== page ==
[0050] In the context of the content reference and offer management architecture shown in FIG. 2, reference services are used to create or verify offers based on the contractual relationships between the customers, retailers and distributors within the value chain for these audio transactions. The reference services of retailers can query the reference services of distributors to create or validate offers in real time. In addition, parties may interact via individual reference services or collective reference services that manage offers between the parties.

[0051]FIG. 4 is a block diagram illustrating the use of super distribution of value chain management objects. Super distribution occurs when a customer has the ability to redistribute to another consumer content they have acquired, who then has the option to purchase or rent the content received. Reference services are used to facilitate super distribution by tracking the content referrals by one customer to another and generating offers for purchase or rental to the recipient customers based on their receipt of the content. When one customer redistributes content to another customer, only the reference data pointers to that content are redistributed, rather than the content itself. Thus the holder of the content can control the access to the content by the recipient of the content while making an offer for continued access to the content by the recipient.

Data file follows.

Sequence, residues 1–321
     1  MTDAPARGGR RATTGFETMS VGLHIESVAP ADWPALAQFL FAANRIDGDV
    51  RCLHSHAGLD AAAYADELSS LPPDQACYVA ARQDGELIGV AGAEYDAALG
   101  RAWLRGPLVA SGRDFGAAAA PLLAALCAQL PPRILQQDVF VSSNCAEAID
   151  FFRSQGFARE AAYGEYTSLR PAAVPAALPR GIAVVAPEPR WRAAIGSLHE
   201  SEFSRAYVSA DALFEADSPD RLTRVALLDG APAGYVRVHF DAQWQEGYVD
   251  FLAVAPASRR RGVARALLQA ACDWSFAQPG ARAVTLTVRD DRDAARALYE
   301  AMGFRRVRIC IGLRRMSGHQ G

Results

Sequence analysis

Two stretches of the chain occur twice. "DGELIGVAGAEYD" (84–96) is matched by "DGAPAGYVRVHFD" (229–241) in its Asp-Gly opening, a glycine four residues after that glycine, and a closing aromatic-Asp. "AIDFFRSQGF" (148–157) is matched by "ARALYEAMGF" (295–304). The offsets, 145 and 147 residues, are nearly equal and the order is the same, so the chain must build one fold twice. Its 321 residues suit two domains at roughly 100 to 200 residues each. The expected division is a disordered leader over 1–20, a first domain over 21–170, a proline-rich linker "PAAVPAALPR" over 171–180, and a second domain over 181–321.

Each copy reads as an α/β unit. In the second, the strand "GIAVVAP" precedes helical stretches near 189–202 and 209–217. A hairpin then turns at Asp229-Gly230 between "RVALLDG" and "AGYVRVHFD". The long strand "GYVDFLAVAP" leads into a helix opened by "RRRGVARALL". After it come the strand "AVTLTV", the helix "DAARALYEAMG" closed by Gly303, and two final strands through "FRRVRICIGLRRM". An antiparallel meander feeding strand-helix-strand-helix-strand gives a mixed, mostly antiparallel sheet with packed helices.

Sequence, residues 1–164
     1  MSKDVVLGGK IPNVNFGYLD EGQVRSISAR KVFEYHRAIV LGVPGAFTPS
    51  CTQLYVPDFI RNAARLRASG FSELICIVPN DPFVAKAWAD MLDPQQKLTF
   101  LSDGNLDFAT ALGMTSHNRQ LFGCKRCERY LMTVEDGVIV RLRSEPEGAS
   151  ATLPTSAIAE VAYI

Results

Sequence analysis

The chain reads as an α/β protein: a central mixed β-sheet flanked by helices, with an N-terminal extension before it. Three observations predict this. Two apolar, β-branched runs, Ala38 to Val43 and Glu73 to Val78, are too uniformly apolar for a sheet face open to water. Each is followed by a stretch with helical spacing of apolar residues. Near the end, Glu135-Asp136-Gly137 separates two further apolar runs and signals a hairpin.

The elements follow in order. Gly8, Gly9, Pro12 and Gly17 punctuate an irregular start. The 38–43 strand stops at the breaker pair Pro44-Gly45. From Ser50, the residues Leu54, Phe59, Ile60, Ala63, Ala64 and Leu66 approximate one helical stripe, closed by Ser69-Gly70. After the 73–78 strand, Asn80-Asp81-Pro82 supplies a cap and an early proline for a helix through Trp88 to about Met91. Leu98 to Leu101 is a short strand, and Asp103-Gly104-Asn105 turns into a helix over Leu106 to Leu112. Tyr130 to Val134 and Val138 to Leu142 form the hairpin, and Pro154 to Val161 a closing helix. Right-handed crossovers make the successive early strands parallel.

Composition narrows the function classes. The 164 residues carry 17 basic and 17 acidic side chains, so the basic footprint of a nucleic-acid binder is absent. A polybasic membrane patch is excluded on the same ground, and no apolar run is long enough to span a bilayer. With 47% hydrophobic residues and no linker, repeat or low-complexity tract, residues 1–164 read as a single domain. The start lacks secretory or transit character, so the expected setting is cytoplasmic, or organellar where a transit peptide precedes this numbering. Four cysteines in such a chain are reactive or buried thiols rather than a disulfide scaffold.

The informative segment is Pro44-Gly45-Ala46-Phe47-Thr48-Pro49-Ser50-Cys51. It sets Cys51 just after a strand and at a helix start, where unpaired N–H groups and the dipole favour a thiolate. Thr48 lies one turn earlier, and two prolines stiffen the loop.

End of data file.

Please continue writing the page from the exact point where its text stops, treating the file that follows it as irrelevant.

[0052] Referring now to FIG. 4, a first consumer 18 sends a reference data pointer 24 for audio content to a second consumer 18′, who accesses the reference data pointer 24 to launch their audio player. If the second consumer 18′ already has the audio content, then the audio content will simply play because the second consumer 18′ already has the audio content or right to access the audio content. If the second consumer 18′ does not have the audio content, then the consumer's audio player polls the reference service 5 for the distributor of the audio content to access to the audio content. The reference service 5 generates and sends an offer 11 back to the consumer 18′ based on electronic contracts 22 that act as a data source for the reference service 5. The electronic contracts 22 may include specific contracts and relationship information between the first consumer 18 and second consumer 18′, as well as additional contractual information such as analogous contracts that are relevant to creating the offer 11 by the reference service 5. The second consumer 18′ receives the offer 11 and is able to accept the offer 11, thereby completing an exchange-of-value transaction and gaining access to the audio content.